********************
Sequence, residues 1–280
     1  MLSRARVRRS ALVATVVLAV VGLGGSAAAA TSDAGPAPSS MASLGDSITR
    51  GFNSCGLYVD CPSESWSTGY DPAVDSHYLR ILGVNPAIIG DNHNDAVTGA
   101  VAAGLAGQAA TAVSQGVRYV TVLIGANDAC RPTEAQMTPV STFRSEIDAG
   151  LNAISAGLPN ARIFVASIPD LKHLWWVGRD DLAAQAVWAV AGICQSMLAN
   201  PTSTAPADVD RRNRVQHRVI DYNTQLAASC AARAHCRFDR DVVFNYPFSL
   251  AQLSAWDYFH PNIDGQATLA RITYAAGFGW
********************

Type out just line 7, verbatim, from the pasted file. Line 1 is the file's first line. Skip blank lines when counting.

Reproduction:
   251  AQLSAWDYFH PNIDGQATLA RITYAAGFGW